Top flight football in England continues to be at the wild frontier of business – to the extent that it’s a business at all. I’m with Richard Bevan, the chief executive of the English League Managers Association when he says that the number of sackings of soccer managers in the English professional game is “embarrassing”.
STEVE ROYSTON: Many of their forays into football look like bouts of temporary insanity from where I stand. But then I guess it’s more fun than investing in a bank, and no more risky.
STEVE ROYSTON: You would have thought that the role of a respected Bahrain financial house in the purchase of an English football team would have been cause for celebration
JAMES M. DORSEY: The key question for Leeds supporters should be who is the investor and what is the purpose of the acquisition; those are questions that have yet to be answered.
JAMES M. DORSEY: The debate about soccer is as much about politics as it is about sports. It is a debate that is likely to be fought out politically rather than on the pitch.
JAMES M. DORSEY: It’s looking increasingly likely that the Egyptian Football Association will cancel the rest of the season.
JAMES M. DORSEY: Mired in controversy, as ever, Israel football team Beitar Jerusalem are looking for a way out of their dire financial situation.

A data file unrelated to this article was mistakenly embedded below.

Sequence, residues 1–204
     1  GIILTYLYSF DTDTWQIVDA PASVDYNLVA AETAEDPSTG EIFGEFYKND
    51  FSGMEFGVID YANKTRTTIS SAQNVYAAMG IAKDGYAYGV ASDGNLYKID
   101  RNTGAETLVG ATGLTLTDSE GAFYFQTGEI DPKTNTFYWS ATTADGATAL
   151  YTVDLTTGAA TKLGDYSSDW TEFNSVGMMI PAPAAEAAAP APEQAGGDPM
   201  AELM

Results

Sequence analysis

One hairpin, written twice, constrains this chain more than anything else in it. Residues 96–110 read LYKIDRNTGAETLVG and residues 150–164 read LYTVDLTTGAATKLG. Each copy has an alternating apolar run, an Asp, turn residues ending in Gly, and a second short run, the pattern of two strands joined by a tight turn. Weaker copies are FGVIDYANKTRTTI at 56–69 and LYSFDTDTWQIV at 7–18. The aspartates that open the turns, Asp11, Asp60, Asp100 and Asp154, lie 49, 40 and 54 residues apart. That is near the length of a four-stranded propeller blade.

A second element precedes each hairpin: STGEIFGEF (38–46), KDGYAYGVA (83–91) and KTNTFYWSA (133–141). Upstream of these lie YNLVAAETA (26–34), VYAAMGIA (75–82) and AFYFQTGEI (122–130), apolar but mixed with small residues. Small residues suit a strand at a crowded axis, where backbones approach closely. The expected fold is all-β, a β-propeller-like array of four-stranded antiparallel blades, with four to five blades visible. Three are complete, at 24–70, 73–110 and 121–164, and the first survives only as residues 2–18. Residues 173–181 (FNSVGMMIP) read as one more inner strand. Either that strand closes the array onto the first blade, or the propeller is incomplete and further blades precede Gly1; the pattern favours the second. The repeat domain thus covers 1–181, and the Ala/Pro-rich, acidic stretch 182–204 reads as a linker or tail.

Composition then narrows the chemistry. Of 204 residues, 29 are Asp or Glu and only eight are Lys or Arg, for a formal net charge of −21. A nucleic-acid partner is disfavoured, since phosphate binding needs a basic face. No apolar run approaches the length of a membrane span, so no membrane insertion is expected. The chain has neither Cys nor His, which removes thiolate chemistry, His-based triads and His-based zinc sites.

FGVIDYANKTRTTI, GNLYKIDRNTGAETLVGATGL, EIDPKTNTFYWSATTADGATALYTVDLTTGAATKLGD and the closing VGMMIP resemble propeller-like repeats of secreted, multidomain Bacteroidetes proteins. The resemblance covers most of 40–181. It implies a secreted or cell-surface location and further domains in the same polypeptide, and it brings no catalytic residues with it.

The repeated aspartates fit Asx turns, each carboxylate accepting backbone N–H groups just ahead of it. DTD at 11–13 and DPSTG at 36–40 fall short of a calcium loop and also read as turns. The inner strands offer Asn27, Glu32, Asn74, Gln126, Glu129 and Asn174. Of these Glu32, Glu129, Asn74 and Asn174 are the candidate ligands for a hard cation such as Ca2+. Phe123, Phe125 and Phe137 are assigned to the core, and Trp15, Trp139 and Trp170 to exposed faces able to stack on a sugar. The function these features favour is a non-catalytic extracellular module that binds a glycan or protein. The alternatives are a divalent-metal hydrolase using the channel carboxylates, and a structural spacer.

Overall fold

JAMES M. DORSEY: It’s looking likely that the authorities will, for the second time this year, postpone or suspend professional soccer leagues.
STEVE ROYSTON: Received wisdom portrays a backward, oppressive society, dominated by religious extremists and a monarchy whose main mission is self-preservation.
JAMES DORSEY: The militant supporters of Al Ahly and Al Zemalek, who were prominent in the 25th January Revolution, were instrumental in the attack on the Israeli Embassy in Cairo.
JAMES M. DORSEY: The calm with which Egyptians accepted defeat, contrasts starkly with riots that erupted on two continents in late 2009 when Algeria stopped Egypt making it to the 2010 World Cup.
JAMES M. DORSEY: Several Ittihad players failed to show up for training last week after the club had been unable to pay their housing rents. Cameroonian striker Edet Otobong was evicted from his home.
JAMES M. DORSEY: Tunisian and Egyptian reluctance to restart football reflects the changing role of soccer and the sense of empowerment felt by fans.
JAMES M. DORSEY: Mohamed bin Hammam lashed out on Monday, charging that Blatter had served too long as head of soccer’s world governing body.
JAMES M. DORSEY: Qatar is flexing its muscle, rejecting calls by Sepp Blatter to move the tournament to winter or co-host it with other Gulf states.